"My child has never struggled in school before your class, what are you doing wrong?" It's perfectly okay to have concerns about unusual academic performance from your child, but it's not okay to place the blame completely on a teacher. If your child isn't succeeding, it isn't necessarily because their teacher is doing something 'wrong', rather it could be attributed to a variety of other outside factors that can influence performance. The right way to go about this is to meet with your child's teacher with your child and work out an action plan addressing your concerns and focused on helping the student succeed. Try to find the root of the problem together, and come up with a solution in an amicable way that does not belittle the teacher.
"My taxes pay your paycheck, so you need to listen to me." This phrase is extremely condescending and rude to say to teachers. I was appalled the first time I had ever heard it myself. Yes, taxes do go towards education, but paying taxes does not make one an expert on education policy or practice. Our taxes also go to roadwork, but I've never heard this argument used for building or fixing local roads. Seeing that our tax money does somewhat go towards education, that should be an even bigger reason to speak to teachers with respect and kindness!
"Teaching is my backup plan." I dislike this phrase because it paints teaching as an easy career that people can use to fall back on if things don't work out for them. It takes away credibility and respect for the profession because it does not view teaching as an acceptable "first-choice." Not everyone can be an effective teacher; there are a lot of skills and traits a person must possess to succeed as an educator. If you go into teaching, you have to have the knowledge and skills to lead a classroom, you can't dive in blindly.
"You're done with work at 3pm, why are you so tired?" While the school day may end before 5pm, that does not mean teachers don't have work they need to do after the students have been dismissed. Grading, lesson planning, organizing the classroom, hosting conferences with parents and administrators are all tasks that educators have to complete outside of actually teaching. Even with a planning period built into the day, it's just not possible to have everything done by 3pm. After a long day of work, teachers can feel drained and need to recharge, just like in any other job.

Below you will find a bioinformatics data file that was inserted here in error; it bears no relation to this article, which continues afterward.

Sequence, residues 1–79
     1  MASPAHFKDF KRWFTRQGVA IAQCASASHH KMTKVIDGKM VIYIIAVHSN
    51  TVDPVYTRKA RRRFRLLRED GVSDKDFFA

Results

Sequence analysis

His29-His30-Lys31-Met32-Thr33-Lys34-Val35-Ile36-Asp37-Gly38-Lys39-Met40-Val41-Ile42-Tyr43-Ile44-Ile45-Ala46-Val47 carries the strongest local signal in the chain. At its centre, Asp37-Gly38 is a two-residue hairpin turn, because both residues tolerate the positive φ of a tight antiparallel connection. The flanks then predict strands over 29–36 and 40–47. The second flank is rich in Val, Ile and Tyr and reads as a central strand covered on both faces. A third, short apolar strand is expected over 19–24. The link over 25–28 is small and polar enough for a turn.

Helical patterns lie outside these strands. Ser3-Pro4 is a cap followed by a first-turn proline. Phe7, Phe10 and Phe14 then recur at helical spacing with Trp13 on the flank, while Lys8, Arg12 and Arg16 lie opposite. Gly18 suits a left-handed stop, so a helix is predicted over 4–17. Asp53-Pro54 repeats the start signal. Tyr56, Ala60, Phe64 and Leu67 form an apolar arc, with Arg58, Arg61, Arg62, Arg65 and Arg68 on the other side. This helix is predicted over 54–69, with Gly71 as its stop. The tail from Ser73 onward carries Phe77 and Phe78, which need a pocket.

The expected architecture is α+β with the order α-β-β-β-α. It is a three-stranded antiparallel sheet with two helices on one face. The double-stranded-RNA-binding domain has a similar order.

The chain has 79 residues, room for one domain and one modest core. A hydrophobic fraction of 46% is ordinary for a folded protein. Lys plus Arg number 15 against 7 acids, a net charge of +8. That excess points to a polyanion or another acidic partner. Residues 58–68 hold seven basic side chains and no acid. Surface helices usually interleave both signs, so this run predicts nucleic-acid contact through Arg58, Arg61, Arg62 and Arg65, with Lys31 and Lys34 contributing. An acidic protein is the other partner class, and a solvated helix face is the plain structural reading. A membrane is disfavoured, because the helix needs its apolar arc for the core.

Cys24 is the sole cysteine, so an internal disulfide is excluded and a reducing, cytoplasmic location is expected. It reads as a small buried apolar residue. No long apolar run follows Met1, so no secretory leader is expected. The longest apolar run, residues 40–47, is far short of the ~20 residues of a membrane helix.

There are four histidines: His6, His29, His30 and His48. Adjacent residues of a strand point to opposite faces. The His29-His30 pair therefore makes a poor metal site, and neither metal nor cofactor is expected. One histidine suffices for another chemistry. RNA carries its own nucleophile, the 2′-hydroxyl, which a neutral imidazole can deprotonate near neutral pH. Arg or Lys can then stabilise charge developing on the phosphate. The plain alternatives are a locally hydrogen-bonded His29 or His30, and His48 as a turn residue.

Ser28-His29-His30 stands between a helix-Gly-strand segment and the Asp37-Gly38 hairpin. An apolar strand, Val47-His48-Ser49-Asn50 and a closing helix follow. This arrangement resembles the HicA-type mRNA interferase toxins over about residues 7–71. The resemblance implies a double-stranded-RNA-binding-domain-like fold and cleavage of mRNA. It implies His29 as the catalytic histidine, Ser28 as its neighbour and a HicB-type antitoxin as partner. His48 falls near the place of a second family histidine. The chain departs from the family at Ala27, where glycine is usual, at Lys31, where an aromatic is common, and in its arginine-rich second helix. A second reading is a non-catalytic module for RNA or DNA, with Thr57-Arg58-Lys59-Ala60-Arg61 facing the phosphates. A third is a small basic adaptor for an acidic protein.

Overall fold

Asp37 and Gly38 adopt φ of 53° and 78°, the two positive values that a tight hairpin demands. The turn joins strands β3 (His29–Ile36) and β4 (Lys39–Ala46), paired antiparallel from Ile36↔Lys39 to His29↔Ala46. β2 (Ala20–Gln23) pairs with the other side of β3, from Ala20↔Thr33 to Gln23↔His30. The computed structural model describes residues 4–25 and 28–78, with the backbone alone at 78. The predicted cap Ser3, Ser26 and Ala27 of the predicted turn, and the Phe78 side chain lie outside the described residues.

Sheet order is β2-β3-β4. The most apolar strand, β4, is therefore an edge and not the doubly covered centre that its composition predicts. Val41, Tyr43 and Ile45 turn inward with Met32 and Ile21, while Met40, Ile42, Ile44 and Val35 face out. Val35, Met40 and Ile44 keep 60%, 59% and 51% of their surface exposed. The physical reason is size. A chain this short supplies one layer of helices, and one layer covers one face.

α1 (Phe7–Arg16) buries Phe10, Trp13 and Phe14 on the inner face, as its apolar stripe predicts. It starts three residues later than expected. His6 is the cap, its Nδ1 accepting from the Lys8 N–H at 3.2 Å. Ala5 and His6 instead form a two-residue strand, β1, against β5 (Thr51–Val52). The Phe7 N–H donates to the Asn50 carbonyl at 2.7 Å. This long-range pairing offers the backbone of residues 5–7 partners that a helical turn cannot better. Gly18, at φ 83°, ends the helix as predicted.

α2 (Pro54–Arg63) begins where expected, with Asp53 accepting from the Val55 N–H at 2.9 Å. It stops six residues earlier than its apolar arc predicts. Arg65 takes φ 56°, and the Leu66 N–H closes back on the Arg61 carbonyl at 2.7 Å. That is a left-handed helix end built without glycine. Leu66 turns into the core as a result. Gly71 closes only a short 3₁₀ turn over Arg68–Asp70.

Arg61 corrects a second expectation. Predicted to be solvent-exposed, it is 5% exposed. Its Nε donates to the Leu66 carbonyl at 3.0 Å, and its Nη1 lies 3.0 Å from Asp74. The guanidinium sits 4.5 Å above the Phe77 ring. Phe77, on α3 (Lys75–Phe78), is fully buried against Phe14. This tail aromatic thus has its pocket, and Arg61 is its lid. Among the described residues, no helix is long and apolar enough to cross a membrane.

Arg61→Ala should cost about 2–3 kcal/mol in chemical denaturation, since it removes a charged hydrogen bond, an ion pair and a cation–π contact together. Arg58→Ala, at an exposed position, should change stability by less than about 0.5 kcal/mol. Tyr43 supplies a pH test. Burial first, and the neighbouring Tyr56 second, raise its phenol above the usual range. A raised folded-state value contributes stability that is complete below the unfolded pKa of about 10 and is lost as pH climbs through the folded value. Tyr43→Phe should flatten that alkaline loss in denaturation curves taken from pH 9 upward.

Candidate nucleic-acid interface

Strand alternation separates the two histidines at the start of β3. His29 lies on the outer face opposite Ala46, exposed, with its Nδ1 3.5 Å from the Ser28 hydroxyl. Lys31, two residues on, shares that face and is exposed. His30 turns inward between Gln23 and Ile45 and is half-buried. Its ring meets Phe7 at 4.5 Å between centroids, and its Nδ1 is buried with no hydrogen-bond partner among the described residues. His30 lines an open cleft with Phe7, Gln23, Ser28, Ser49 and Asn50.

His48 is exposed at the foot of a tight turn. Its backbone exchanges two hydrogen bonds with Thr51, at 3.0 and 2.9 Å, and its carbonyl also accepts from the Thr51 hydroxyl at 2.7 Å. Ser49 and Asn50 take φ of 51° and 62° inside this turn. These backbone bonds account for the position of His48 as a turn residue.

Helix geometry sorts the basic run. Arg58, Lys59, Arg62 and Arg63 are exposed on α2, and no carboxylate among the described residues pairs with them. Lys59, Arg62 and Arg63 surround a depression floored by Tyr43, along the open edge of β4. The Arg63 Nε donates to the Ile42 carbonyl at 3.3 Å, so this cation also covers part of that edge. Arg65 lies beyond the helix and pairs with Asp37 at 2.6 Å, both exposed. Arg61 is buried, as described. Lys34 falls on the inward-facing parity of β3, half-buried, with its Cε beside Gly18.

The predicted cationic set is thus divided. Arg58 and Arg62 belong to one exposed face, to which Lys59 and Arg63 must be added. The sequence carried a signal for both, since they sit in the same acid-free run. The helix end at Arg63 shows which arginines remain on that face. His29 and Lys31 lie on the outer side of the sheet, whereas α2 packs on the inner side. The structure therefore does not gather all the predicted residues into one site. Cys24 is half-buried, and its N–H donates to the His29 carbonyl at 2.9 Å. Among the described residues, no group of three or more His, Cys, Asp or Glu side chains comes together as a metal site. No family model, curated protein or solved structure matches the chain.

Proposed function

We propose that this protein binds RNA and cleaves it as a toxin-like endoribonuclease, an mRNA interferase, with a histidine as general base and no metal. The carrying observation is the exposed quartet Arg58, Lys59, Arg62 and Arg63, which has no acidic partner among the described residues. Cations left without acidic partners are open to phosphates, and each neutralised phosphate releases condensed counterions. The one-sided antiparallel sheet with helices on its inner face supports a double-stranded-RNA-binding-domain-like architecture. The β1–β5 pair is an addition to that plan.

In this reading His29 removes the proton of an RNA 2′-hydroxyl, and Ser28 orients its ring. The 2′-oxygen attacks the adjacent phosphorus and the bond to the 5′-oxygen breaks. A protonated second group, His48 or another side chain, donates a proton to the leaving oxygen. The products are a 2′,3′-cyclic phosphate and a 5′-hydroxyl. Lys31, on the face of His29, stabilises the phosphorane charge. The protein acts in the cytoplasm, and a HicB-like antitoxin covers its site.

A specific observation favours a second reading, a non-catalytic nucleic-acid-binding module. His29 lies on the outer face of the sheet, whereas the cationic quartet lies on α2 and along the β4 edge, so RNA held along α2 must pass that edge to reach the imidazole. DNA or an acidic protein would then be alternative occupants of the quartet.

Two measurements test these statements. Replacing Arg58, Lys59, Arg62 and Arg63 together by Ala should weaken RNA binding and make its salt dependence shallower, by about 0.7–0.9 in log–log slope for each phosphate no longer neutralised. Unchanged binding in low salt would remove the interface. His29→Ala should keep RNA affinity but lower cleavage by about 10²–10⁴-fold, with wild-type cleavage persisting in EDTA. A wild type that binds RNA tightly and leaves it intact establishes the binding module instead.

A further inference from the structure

COVID-19 Edition: "Why is your class online/in-person? That doesn't work for me." There is a lot of frustration about how schools are choosing to operate this year. I've heard parents, teachers, and students complain about every suggested solution so far. At the end of the day, there is no plan that will satisfy ALL people, but it's not the fault of the teachers! Teachers have very little influence over the decision to re-open schools or teach remotely. They are expected to show up and teach, regardless of how instruction is expected to look at their school. I've seen too many posts attacking teachers for something that is out of their control.
If you are a teacher, or an education major, chances are you've heard some or all of these sentiments expressed at some point. Remember not to let these words get you down! At the end of the day, you're working in an admirable position, and you should receive the respect and recognition you deserve. There are always going to be people who are stuck on tearing teachers down, but no matter what they say, it cannot invalidate the impact you have in the classroom. One day I hope teacher pay can reflect the hard work teachers put in, too. If you're a current teacher, or future teacher, I send all my love and support to you! We appreciate you!